A frightening experience at gunpoint for a young Sydneysider last night has prompted concern about safety when meeting new people online.
A 25-year-old Surry Hills man was attacked, gagged and held at gunpoint by two men after inviting one to his home via a dating app on his phone. Catch up with the story here.
A gay neighbour who lives only two doors away from the victim tells Same Same that he was shocked to hear the news when the police knocked on his door to check for information about it late last night.
“I feel physically sick that this has happened,” he says. “I did hear a bang last night but thought it was someone frustrated that they had been locked out.
“It’s a really scary thought that someone could think of using an app like that to rob and abuse someone. It shows that you really do have to be careful when having randoms in your house.
“I will definitely be warning my friends about this kind of thing,” he adds. “It kind of makes you not want to use the apps. I really hope the guys ok and this type of thing doesn’t happen again.”
Similar sentiments have been expressed on Facebook and Twitter in response to our story on this incident today, with comments showing people are worried that too many risks are taken in inviting strangers into homes after minimal introduction via mobile apps.
Working with our communities in Sydney, ACON’s Anti-Violence Project tells us they at least welcome the fact that last night’s victim did not hesitate to tell police the details of what had happened.
“This is encouraging and models a good community response,” says the project’s team. “We want to encourage people to report these sorts of incidents to police.”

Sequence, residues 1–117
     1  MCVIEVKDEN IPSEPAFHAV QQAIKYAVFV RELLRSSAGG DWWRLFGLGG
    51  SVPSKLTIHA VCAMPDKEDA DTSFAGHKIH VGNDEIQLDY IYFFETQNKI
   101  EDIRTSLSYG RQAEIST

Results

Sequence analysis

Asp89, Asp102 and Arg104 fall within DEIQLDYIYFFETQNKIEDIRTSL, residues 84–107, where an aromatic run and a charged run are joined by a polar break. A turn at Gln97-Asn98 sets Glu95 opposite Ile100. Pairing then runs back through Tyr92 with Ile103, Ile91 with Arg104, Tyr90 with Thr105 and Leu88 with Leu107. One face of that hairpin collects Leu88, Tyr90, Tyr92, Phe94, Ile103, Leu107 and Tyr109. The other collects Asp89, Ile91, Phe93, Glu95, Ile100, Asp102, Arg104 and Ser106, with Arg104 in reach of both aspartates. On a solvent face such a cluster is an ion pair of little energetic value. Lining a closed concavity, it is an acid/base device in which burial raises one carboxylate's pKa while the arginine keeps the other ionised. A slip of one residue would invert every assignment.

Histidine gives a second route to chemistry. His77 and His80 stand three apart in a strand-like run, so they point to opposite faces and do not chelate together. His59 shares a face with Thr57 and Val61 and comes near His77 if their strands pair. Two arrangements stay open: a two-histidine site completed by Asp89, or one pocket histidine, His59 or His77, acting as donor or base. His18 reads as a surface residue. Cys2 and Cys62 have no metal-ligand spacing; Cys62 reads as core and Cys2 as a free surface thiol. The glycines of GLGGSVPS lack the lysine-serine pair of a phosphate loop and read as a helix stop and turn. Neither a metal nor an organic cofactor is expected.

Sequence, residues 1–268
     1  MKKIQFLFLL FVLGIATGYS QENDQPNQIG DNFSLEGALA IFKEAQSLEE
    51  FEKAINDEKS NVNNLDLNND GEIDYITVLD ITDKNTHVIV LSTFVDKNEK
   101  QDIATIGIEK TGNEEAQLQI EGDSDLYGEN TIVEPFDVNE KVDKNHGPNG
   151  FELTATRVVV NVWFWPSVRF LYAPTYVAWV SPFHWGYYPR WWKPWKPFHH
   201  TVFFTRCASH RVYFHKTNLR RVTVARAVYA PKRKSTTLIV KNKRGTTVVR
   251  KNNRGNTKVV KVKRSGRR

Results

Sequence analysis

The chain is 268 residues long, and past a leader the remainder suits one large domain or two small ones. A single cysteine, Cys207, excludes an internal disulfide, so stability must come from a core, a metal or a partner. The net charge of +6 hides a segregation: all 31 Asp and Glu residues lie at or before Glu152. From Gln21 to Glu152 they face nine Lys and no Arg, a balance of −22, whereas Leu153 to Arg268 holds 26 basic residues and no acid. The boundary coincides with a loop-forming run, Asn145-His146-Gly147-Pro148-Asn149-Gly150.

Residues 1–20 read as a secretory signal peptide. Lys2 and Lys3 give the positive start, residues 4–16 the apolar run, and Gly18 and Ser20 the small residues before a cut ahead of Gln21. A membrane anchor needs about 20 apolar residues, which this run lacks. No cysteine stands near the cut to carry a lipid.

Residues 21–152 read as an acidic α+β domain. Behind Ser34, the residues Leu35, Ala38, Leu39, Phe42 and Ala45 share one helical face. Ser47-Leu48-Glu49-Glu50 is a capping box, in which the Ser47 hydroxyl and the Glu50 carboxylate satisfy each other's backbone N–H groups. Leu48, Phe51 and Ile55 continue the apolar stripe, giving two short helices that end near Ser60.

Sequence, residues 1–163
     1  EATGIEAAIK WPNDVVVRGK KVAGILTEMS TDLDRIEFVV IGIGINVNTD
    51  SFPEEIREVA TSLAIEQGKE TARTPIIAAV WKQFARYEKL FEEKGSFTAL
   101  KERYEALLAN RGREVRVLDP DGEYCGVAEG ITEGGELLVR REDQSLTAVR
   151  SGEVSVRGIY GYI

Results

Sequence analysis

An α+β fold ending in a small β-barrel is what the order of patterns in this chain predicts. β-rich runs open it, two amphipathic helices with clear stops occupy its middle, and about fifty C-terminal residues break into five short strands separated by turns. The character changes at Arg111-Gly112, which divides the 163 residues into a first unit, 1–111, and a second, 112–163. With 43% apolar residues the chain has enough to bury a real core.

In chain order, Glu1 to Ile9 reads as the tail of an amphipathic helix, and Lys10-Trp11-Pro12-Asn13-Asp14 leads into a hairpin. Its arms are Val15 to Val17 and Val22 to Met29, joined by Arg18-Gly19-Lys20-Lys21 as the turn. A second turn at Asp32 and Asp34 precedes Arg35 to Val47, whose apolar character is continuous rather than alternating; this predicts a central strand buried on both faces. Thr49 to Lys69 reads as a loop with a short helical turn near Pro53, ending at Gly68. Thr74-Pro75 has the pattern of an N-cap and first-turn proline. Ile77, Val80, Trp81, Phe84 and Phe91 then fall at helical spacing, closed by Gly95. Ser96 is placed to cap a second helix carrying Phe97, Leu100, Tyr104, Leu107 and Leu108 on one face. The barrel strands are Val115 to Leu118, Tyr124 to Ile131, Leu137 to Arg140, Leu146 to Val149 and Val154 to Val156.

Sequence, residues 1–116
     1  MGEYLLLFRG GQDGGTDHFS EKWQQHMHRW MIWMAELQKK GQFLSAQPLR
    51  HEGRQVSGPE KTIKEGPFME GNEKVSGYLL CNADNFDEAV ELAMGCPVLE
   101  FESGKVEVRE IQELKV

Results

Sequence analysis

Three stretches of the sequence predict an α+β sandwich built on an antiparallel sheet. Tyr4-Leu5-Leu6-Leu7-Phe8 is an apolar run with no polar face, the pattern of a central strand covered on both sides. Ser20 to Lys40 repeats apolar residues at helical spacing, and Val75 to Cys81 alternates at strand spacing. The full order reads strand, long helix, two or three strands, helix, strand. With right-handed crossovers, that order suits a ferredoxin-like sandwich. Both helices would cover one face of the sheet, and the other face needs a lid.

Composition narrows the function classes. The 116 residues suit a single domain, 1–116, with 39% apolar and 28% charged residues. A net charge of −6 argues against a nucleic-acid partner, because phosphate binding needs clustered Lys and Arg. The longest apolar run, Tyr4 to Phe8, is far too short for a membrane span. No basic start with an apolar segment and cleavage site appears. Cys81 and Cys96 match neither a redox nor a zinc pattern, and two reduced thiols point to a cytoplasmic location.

These three points are paramount:
We all have a right to be safe.
No-one is responsible for another’s abusive, violent or criminal behaviour.
Support is available.
Of course there are lots of ways you can meet other people for sex, including parties, pubs, clubs, beats, saunas and online. All of these can be fun but there are a few things you can do to make sure you only get what you are looking for.
Below, the Anti-Violence Project has some suggestions to use when meeting people online.
While these tips do not guarantee safety and are not foolproof, they can be used to minimise any risks.
Trust your instincts and be cautious. If it doesn’t feel right, you are probably right. It is perfectly OK to end the conversation or meeting if you are uncomfortable.
Online information can be used to aid physical harassment – be wary about what information you provide online and use pseudonyms (an online name). Remain as anonymous as possible and avoid giving out personal information.
Consider meeting in a public place, or text, e-mail or tell a friend where you are going and check in with them afterwards.
Request a face pic if one is not available and consider avoiding meeting anyone without one. Consider requesting an additional face pic to compare to any others which may be available.
Keep a record of any conversation if possible – online or texts.
Try and speak with the person before you meet. This way you will also have their number. Reluctance to give you a number could be a warning sign. Getting concrete information (like a phone number) can be helpful.
Consider providing your friend with the name, address and mobile number of the person you plan to meet.
Consider leaving a note with the address of where you’re going or any other details.
If they come to your place, you could let them think someone else may be staying with you.
If you go to their place, always trust your instincts and leave immediately if it doesn’t feel right. Have your own transport or cab fare.
If something happens it’s not your fault. It is extremely important to report all incidents of assault or theft to the police immediately.
Please also report the profile of the perpetrator to the website or app you have used.
ACON’s Anti-Violence Project can also help you get the support you need, give you information, or help you make a police report.
To report crime to the police:
In an emergency: 000
Police Assistance Line: 131 444
To report it to the Anti-Violence Project:
Telephone: 9206 2116
Freecall: 1800 063 060
This page was written by Matt Akersten with the assistance of ACON’s Anti-Violence Project.